For once, I feel that Mother's Day should be celebrated by also imagining and recalling how horrible some mothers can be along with how amazing they almost always are. And there's no better way to do this than to use a childhood staple of millions: Disney.
Disney is known to have motherless protagonists, but not all characters grew up without both parents. While some like Tiana and Aurora were lucky to have a wonderful mother or at least caring mother figures, many had the misfortune of having mothers who scarred them in every possible way. It is these mothers we'll be looking at, just to help us realise that many of us have had it great when it comes to the people we call mother in our lives.
Some of these horrible Disney mothers are hard to imagine in our daily lives, such as the Evil Queen in Snow White. But there are ones who seem very real. Lady Tremaine, Cinderella's stepmother, is one of them. More shocking than the relationship with her stepdaughter is how she treats her own daughter, Anastasia. The constant rebuking and controlling of Anastasia and Drizzela in the first movie might make Lady Tremaine seem like a mother who is only strict, but in the second and especially the third movie, we get to see the extent of Lady Tremaine's desire for power and prestige. In part two, she forbids Anastasia from talking to the baker she loves and in part three, enraged that Anastasia refused to marry the Prince because of a guilty conscience, she readily attempts to turn her own daughter and Cinderella into toads to appease her own anger.
However, a mother figure more damaging than the cold Lady Tremaine is Mother Gothel who seems warm and loving on the surface.
We see Gothel steal baby Rapunzel from her crib to use her magical hair to keep herself young. She keeps Rapunzel away in a tower and seems to take care of her well. However, as the story progresses, we see that there is no chance of Gothel loving Rapunzel. After careful rewatching, one might see that Gothel loves only Rapunzel's hair and not Rapunzel in the slightest. This is made obvious very subtly from the very beginning, from the way Mother Gothel caresses her hair to the seemingly endearing nicknames she uses for Rapunzel such as “flower” and “sapling”, a reference to the flower which helped cure Rapunzel's biological mother and which gave Rapunzel magical powers.
Mother Gothel's “Mother Knows Best” is a song that contains words many of us have often heard from our own mothers and other adults. Her slamming the window shut to keep out the light and usher in the darkness sets the mood for the dark song sung in a dramatic and comedic way; in one song, Gothel scares, guilt-trips, and induces self-doubt in Rapunzel. The way Mother Gothel snuffs out every candle flame with her fingers as soon as Rapunzel lights them foreshadows how Gothel will try to take away all that Rapunzel holds dear and how she has kept Rapunzel in the dark all her life. Despite Gothel being the one who is scaring Rapunzel in the song, it is her Rapunzel runs to in order to feel safe.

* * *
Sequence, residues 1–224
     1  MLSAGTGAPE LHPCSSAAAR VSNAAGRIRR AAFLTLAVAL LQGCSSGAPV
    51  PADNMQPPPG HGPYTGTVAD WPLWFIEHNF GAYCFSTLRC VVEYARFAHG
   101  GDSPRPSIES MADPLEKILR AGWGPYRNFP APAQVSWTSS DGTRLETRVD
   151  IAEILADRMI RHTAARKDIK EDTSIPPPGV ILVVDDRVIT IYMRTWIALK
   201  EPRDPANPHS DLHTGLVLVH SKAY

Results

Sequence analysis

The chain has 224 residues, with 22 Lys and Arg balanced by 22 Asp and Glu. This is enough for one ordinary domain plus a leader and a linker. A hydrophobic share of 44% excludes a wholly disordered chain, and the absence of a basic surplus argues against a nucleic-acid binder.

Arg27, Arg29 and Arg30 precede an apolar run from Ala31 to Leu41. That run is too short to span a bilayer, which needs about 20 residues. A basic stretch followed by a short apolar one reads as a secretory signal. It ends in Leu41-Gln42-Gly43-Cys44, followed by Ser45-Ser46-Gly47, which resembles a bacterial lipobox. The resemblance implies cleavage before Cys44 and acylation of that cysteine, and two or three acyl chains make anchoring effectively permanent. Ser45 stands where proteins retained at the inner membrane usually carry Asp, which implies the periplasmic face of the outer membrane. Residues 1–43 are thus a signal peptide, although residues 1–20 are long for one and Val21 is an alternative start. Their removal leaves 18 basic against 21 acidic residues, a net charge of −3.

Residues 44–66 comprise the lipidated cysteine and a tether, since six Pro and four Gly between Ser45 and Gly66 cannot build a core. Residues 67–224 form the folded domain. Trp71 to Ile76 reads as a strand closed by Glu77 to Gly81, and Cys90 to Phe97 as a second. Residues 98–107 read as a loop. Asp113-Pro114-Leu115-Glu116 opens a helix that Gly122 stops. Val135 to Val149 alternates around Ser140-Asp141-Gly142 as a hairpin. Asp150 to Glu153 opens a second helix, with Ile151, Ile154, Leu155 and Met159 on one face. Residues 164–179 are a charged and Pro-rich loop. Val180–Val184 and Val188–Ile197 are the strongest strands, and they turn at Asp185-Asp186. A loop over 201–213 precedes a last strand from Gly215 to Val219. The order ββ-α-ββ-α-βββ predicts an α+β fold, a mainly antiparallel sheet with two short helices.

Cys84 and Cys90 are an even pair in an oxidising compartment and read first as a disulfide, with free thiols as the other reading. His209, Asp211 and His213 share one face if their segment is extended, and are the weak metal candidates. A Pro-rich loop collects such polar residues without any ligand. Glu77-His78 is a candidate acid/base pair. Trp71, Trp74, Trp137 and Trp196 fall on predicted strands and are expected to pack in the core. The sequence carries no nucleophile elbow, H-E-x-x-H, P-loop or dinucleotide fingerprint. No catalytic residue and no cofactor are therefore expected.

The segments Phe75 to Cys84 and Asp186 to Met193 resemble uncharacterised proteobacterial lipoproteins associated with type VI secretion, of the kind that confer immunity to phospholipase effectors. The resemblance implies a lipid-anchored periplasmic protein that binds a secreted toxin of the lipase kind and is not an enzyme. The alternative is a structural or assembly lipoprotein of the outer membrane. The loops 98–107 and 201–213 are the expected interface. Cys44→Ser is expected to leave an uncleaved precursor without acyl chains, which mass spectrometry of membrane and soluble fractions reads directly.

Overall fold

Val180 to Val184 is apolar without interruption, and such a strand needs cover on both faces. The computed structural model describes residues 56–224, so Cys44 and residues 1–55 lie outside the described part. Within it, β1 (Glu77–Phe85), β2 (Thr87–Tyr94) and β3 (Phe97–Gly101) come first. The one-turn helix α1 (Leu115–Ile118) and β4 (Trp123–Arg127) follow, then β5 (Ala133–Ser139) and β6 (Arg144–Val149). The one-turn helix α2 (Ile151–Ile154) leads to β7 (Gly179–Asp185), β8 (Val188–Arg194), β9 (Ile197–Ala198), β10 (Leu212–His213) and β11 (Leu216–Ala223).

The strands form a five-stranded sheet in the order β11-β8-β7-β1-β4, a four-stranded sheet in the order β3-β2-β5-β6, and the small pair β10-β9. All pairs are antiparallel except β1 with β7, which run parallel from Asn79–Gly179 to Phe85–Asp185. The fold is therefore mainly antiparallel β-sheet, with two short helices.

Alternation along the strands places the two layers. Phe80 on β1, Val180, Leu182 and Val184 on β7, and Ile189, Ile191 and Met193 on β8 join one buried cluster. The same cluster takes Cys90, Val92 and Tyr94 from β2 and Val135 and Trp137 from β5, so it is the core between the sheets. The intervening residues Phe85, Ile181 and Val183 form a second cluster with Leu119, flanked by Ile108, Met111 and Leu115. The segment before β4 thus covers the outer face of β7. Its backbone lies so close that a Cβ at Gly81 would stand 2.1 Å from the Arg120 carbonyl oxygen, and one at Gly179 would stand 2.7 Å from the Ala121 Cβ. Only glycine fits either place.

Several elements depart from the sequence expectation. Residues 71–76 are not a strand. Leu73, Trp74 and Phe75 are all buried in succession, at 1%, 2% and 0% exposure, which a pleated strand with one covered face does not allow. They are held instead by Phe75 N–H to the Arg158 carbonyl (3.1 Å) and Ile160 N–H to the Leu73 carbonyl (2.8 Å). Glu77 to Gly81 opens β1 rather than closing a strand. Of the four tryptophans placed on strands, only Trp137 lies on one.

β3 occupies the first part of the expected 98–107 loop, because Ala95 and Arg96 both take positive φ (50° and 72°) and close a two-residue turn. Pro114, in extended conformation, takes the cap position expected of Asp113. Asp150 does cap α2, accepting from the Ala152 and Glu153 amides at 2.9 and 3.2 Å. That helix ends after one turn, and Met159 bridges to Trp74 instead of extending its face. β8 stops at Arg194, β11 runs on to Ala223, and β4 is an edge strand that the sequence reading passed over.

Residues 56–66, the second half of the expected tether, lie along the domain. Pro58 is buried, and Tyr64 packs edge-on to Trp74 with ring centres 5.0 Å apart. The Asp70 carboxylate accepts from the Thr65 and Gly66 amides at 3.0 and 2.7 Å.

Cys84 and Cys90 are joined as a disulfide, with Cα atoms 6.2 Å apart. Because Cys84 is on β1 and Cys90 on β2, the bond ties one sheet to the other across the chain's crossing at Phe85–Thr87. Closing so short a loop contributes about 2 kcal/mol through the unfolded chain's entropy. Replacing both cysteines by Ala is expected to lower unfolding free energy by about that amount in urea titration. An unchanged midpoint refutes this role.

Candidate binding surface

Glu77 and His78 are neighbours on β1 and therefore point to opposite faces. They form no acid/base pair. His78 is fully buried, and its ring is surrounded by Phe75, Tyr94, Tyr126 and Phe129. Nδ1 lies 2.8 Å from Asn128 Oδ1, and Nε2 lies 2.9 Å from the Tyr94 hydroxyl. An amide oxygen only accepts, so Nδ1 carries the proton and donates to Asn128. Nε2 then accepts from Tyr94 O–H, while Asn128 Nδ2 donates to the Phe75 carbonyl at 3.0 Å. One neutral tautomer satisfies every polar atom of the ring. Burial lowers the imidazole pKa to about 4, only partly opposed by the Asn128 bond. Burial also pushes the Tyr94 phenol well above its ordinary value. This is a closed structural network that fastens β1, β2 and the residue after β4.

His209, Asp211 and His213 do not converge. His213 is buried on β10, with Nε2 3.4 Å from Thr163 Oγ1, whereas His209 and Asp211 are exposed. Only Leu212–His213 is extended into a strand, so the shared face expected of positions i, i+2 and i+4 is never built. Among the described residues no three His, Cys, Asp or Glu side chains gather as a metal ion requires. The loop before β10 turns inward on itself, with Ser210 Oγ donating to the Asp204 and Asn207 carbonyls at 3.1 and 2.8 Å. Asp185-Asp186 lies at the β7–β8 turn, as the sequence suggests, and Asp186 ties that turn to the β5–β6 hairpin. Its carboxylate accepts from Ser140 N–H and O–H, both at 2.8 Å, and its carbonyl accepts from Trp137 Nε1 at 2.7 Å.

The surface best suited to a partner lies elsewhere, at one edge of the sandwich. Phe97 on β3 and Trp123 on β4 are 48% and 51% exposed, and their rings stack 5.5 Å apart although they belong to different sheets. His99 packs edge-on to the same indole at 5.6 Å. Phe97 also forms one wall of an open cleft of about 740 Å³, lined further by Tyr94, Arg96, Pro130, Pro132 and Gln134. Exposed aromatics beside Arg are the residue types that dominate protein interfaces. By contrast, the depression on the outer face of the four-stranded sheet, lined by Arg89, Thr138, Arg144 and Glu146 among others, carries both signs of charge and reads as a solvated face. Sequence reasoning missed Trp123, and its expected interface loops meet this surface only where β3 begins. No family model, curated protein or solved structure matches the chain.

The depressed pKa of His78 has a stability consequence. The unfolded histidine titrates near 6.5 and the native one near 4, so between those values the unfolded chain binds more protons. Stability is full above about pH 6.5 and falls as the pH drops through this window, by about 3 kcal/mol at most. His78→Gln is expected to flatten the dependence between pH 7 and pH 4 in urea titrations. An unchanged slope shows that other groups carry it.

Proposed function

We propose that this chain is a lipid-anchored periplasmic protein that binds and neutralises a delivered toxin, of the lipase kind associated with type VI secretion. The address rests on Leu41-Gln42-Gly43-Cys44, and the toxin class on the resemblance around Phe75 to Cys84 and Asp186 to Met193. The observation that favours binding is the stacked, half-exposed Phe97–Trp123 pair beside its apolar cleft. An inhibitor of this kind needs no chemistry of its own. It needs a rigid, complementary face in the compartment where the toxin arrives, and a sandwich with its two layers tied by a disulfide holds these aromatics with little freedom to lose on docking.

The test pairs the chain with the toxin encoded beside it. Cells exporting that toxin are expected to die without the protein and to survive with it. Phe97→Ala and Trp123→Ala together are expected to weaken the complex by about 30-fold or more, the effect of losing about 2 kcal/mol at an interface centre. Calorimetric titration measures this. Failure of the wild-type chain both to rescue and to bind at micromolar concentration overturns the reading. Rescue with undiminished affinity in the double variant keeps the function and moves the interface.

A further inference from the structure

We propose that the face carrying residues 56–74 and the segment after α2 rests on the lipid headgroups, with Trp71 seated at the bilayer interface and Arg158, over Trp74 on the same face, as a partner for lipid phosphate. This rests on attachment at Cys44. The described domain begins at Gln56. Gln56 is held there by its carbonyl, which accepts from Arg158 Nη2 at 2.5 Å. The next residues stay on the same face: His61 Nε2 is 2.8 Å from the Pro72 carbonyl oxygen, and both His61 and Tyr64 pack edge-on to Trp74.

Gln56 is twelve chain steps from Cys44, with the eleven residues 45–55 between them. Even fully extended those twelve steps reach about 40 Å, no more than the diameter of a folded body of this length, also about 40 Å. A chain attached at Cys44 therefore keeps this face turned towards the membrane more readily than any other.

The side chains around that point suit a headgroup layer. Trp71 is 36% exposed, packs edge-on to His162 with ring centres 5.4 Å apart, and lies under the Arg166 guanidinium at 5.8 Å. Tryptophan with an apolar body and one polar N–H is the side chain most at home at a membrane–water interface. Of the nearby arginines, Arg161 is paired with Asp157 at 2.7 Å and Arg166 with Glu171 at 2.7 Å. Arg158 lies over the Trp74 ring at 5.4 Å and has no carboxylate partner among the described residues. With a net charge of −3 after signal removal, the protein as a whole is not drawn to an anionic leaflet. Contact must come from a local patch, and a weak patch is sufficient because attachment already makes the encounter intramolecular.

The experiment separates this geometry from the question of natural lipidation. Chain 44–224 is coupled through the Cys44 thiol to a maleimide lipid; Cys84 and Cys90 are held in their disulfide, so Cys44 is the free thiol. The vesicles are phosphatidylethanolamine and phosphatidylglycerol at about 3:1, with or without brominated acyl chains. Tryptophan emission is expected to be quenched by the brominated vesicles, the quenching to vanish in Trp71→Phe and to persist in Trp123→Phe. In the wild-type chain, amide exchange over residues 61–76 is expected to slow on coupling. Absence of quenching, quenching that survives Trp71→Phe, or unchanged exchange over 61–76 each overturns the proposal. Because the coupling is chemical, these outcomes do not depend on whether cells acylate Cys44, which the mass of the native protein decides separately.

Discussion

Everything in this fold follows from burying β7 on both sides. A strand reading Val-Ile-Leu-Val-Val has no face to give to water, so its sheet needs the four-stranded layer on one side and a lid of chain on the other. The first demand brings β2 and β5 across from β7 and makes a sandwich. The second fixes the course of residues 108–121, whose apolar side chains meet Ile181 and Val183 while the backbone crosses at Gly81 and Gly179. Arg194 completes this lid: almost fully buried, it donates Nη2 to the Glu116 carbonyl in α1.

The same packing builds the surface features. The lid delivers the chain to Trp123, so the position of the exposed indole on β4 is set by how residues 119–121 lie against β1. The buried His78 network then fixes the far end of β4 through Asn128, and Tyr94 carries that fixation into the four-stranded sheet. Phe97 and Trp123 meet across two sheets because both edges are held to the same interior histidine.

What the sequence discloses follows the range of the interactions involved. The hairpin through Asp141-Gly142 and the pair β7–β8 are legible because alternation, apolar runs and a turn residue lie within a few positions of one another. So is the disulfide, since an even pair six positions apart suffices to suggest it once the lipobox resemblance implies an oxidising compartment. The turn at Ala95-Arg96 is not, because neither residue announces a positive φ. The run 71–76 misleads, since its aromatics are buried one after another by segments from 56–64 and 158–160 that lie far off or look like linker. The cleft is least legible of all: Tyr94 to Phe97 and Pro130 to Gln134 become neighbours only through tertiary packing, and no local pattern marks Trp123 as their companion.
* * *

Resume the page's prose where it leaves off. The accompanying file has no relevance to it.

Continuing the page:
What makes Mother Gothel's behaviour more chilling is that often, Mother Gothel behaves just like our own mothers – she is overprotective, jokes with Rapunzel, keeps her safe, combs her hair, sings to her – all the things mothers seem to do with and for their daughters. There is no magic involved, it is just Gothel's ability to manipulate Rapunzel, a person who has never known another person besides the woman she calls mother. Gothel's power over Rapunzel is so strong that even in her absence, Rapunzel is filled with guilt for disobeying her and is unable to fully enjoy her first time out of the tower. Unlike Anastasia who is scared of her mother's wrath, Rapunzel is upset because she feels that she is hurting Gothel.
What we often forget is that Mother Gothel and Lady Tremaine are characters realistic enough to exist in this world. Mothers like Gothel and Lady Tremaine make us look at our own mothers. This comparison helps us to see how we often forget the selflessness of our mothers, because sometimes we forget and lose perspective, and only after we lose someone near and dear to us do we realise what that person meant to us. It's a blessing we don't have the magical powers to transform our mothers into grizzly bears every time we get into an argument about little things such as what clothes to wear and what hobbies to pursue.
Yes we might often feel like we are Rapunzel with short hair in our daily lives, but mothers are mothers, whether they make us stay in our homes or order us to not talk to a particular person. They love us for us, not our hair, and they put us before everything else. So this Mother's Day, and every other day, just remember that everything your mother has done for you so far, she's done because she loves you simply for being you.